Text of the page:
My Most Important Discovery
A professor’s journey of faith.
At times I am asked, “What is your most important discovery?” My answer: Jesus Christ. In 1973, I discovered the Jesus Christ of history, the Jesus whose life is described on the pages of the New Testament – a Jesus rather different than the one I heard of as a boy in church.
My childhood Jesus was a well-intentioned, infinitely tolerant person who laid down some simple moral rules, which all religions now embrace.
The Jesus I discovered in 1973 wasn’t always so tolerant, sharply challenging the religious leaders of His time. He was quite exclusive, claiming to be the only way to establish the relationship with God. I discovered many other things after I began my relationship with God through Christ.
I discovered the historical validity and the importance of the resurrection of Jesus Christ.
One of the central facts of Christianity is that Jesus rose physically from the dead – something not only critical to my new faith but also historically true and attested. Frank Morrison’s book, “Who Moved the Stone?” helped me understand the evidence for the resurrection. It played a significant role in helping start my journey of faith.
I discovered that the New Testament is a reliable historical document.
When I became a Christian, I wasn’t sure of this, but a book by the British classics scholar F.F. Bruce changed my thinking in this regard. And as time went by I came to have a deep respect for the Old Testament as well, having discovered that Jesus spoke personally of its authenticity. I want to emphasize here that a belief in the complete truthfulness of the Bible need not carry with it a wooden or unnaturally literalistic understanding of every verse. To quote a statement of faith that I like very much,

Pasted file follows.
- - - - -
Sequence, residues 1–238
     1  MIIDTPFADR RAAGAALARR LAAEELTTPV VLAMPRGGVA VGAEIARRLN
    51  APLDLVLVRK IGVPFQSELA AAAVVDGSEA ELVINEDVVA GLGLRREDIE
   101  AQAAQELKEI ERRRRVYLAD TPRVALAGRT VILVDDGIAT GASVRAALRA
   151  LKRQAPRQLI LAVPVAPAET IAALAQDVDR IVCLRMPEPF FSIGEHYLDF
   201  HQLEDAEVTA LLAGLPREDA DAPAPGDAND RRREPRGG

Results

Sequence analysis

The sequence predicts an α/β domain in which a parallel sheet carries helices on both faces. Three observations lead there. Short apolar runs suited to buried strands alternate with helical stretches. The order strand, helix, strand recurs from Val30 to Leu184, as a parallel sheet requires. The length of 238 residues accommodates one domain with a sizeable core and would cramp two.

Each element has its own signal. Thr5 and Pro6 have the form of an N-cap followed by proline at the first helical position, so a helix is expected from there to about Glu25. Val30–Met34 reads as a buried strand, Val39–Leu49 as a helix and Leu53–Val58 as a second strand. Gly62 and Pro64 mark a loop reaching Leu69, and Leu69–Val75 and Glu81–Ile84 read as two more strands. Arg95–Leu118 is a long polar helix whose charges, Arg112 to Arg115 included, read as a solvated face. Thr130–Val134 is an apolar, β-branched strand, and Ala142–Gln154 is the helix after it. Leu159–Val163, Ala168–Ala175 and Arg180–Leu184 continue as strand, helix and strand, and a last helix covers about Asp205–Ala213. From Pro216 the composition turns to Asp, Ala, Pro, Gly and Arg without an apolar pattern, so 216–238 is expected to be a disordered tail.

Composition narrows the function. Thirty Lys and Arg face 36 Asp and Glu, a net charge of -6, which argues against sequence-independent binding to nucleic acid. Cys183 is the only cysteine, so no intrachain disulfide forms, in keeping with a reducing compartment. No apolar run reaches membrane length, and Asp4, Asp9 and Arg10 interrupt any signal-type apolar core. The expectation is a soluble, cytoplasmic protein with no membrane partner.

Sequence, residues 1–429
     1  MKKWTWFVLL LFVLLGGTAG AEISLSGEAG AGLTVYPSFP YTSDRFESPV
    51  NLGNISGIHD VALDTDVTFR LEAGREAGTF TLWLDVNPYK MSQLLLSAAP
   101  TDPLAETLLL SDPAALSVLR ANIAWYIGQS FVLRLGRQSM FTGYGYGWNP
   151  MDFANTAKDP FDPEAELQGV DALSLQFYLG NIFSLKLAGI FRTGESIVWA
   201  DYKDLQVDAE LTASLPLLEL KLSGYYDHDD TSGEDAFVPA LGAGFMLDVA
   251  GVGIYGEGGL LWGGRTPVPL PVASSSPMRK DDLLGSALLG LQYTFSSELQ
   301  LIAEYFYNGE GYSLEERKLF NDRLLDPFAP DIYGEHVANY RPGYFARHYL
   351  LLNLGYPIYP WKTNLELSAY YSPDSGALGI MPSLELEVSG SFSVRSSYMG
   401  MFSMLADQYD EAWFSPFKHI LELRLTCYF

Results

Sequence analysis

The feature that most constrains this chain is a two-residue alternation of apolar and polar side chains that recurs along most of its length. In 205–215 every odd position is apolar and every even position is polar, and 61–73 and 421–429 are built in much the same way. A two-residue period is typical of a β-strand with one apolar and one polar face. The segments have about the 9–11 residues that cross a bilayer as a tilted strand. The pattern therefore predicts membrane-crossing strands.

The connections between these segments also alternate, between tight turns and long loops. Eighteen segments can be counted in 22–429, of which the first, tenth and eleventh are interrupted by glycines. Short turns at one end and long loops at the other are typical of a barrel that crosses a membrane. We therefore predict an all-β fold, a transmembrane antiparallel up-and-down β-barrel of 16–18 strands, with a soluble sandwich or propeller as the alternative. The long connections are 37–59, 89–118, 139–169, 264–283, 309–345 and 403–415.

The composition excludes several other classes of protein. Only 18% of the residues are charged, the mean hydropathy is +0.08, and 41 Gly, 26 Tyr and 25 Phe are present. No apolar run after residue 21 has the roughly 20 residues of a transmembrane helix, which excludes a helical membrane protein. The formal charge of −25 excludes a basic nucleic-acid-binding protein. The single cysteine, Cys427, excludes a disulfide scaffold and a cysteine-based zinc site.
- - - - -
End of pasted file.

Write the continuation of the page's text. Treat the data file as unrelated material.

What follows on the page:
We affirm that God in His work of inspiration (of the Bible) utilized the distinctive personalities and literary styles of the writers who He had chosen and prepared.
I discovered that I could share my newfound faith in Jesus Christ with friends and with strangers. I discovered that most of the questions that people have about Christianity boil down to about ten distinct questions, and that there are intellectually sound answers to all ten.
I discovered that there is no problem too heavy for Jesus.
In 1979, I spent several months at the University of Texas. On a Sunday morning, I had just returned from church and was tidying up a few things in my office in Austin. My wife called and told me that our five-month old son, Pierre had just died of crib death, or sudden infant death syndrome.
Whatever illusion I had that life was just a bowl of cherries disappeared forever in that instant of time. Without going into all the details, I can tell you that never before, nor since, have I been so overwhelmed with the certainty of the love of my heavenly Father.
There is no problem in your life that Jesus can’t bring you through.
I’m continuing to discover new wonders in my Christian life. Each day is a journey in my faith. This life with Jesus began at the moment of conversion in 1973, will continue in death, and then on to eternity. I’m also sure of one thing: Jesus isn’t interested only in extracting a prayer of submission from me. He wants to change my whole life.
Henry F. Schaefer III is a Graham Perdue Professor of Chemistry and Director of the Center for Computational Quantum Chemistry at the University of Georgia in Athens. He is author of "Science and Christianity: Conflict or Coherence?"
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